Don't add more components than you need. Even professional visualisers manage their polygon count. It can make the difference between a scene that renders quickly or painfully slowly.

6. Keep your artificial light sources to a minimum. If you need lights, you need lights, but if you can't see actual fittings, if they are outside the current direct line of sight, you can add large low power LEMs to simulate bounced light in a room. Generally faking lighting isn't the best solution because it takes a lot of practice to get right and so many people over-illuminate their scenes. This creates unrealistic renders. It's far more efficient to use Podium Image editor's Curves tool to adjust lighting than to add more lights in the model. More lights and increased lighting levels always increase render time.

7. Learn when to break the rules. All the above rules can be broken perfectly effectively under the right circumstances. The main thing is to think what you want to do and how to do it, and to plan. Remember that you probably spend maybe 10% of your modelling time making elements, and probably the other 90% modifying them. Modelling to make modification easier will save you a lot of time. This means take a little time to set up your model up first. Customise the basic Sketchup template, or create your own, so that things like scenes, layers, styles etc are set up as you want them at the outset.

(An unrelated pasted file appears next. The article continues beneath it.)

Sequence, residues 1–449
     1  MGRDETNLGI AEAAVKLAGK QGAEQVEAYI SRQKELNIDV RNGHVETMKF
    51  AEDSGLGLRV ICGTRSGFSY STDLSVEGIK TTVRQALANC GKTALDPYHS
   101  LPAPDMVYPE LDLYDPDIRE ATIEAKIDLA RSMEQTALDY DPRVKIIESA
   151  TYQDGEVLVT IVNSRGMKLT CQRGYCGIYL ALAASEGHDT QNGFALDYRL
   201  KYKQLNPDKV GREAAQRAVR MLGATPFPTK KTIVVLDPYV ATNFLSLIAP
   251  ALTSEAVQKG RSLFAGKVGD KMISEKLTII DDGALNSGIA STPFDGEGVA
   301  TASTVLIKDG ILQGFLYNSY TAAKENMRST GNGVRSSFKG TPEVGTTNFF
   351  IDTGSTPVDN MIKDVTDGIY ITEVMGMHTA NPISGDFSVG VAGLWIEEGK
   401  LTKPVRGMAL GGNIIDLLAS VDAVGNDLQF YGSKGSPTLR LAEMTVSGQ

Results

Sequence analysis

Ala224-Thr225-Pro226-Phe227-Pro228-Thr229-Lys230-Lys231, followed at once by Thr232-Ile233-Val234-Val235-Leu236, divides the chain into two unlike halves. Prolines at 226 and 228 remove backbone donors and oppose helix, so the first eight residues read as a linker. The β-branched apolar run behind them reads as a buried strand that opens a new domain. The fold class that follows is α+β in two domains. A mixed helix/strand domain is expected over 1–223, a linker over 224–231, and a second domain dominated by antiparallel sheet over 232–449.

I hope some of you find these helpful - happy modelling [smile]


That which does not kill us makes us stronger
-Friedrich Nietzsche


Posts: 14
Reply with quote  #4 
Wow, thanks for the lengthy response!  I basically did step one in between my first and second post.  I've been using SketchUp since the first Mac version was introduced with version 3, I think, in 2002.  I've even been teaching it to high school students for 6 years now.  I'm well versed at making things and buildings in particular, but plants, landscapes and rendering I don't have much experience with yet. 

This particular project is not my design, but rather SU modeling and rendering for hire for another architect working from their 2D dwg drawings.

I managed some basics here with a sky dome, and backgrounds to reflect in the glass.  Admittedly, the building isn't fully detailed, but the landscape in particular is pretty lame, so this is more or less work in progress.  I'd like to get a lot better than this, so feedback and suggestions are appreciated.